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Forced to Live on the Margins

The proposed bill for transgender persons is insensitive and regressive.


In a move that has shocked and angered the transgender community and sexual minorities’ rights activists in India, the government has proposed introducing a bill in the forthcoming Parliament session that actually takes away the rights fought for and won by the trans, intersex, and gender variant persons’ community through struggles and litigation. The Transgender Persons (Protection of Rights) Bill, 2016 flies in the face of recommendations made by a government-appointed expert committee in 2014, the Supreme Court’s judgment in 2015 and a private member’s bill unanimously passed in the Rajya Sabha in 2015, all of which displayed greater understanding of the needs of the transgender community. Worse, the government has rejected recommendations of the Parliamentary Standing Committee on Social Justice and Empowerment’s 43rd report on the bill that criticised it for ignoring the demands of the trans, intersex, and gender variant citizens’ community.

Beginning with the very definition of the trans identity to the right to self-identify, to recognising that alternative family structures are needed by transgender persons when their own desert them, to reservations to help reverse their abysmal education and living standards and penalties to punish those who discriminate against them, the current bill is regressive. That one’s sexuality is central to human development and identity and to forming a sense of self is by now accepted. The idea that the “sex” of a person is biological while the “gender” is a social construct is not disputed. However, the bill takes none of this into consideration. It defines transgender persons in terms that would be laughable if it were not so regressive. It states: “‘transgender person’ means a person who is neither wholly female nor wholly male; or a combination of female or male; or neither female nor male; and whose sense of gender does not match with the gender assigned to that person at the time of birth, and includes trans men and trans women, persons with intersex variations and gender-queers.” The transgender community has suggested that they be defined as persons who are socially, legally, and medically categorised as being either male or female, but who assert that this is not their self-identity and/or expression. Transgender people may or may not be intersex and vice versa. The intersex are defined as those individuals who have atypical sex characteristics (anatomical, chromosomal, hormonal, etc) that do not conform to the social, legal, and medical categories of being either male or female.

On the crucial aspect of determining gender identity, the Supreme Court affirmed in the landmark National Legal Services Authority (NALSA v Union of India, 2015) judgment the right of the community to self-identify without physical screenings. In fact, at present transgender persons can, on the basis of an affidavit, declare the gender that they would like to be known as. The bill does away with this right and leaves it to district screening committees comprising a chief medical officer, a psychiatrist or psychologist among others, to decide. It is not hard to imagine the harassment and bureaucratic muddles that such a provision would create. This is similar to what those who have to produce caste or disability certificates to avail of social benefits experience. Strangely, the Ministry of Social Welfare’s reply to the committee on this point says that the “Constitution of India is ‘sex blind’” and that the sex of a person is irrelevant save where it says that special provisions must be made for women!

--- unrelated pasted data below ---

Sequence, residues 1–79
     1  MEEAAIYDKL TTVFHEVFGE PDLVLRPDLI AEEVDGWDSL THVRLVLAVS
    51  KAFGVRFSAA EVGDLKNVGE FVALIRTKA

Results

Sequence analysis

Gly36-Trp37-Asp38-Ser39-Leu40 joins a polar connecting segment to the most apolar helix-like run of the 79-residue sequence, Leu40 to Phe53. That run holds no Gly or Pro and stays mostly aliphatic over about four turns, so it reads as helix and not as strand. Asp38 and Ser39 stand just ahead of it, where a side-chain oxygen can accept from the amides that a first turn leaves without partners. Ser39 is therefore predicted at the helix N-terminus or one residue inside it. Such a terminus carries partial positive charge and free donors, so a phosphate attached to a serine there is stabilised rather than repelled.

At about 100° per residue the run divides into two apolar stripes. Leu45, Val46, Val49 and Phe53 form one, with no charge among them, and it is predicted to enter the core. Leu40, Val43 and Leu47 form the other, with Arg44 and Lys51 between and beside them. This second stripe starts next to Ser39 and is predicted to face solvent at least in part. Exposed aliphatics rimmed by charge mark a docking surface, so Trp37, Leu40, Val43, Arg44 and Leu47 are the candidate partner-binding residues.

The bill also ignores the nuances of the plight of many adolescents and teenagers such as the lack of support and understanding they face from their families. It says that no transgender shall be separated from parents or immediate family except on the order of a competent court in the interest of such a person and that if the family is unable to care for the person, the transgender should be placed in a rehabilitation centre. For long the transgender community has demanded that the definition of family should be expanded to include the Hijra or Aravani community elders, who adopt young transgender children and ensure that they are not put at risk, and that the Hijra family system is not criminalised. Similarly, the bill is silent in areas of health, affirmative action, and decriminalising activities that marginalised trans communities are compelled to undertake to eke out a living. There are also no penal provisions in the law to guard against the trans community being subjected to atrocities and to protect its members in prisons and juvenile homes.

This clearly exhibits the government’s ham-handed approach to a complex and nuanced issue. Transgender persons (Hijras or Aravanis) are shunned and ridiculed in general and only recently have been legally recognised. Their participation in political and socio-economic processes has suffered as a result and their treatment at the hands of the police and the public health system has been brutal and insensitive. This kind of bill reflects poorly not just on this government but also on our society. It should not be ignored.

Updated On : 1st Dec, 2017


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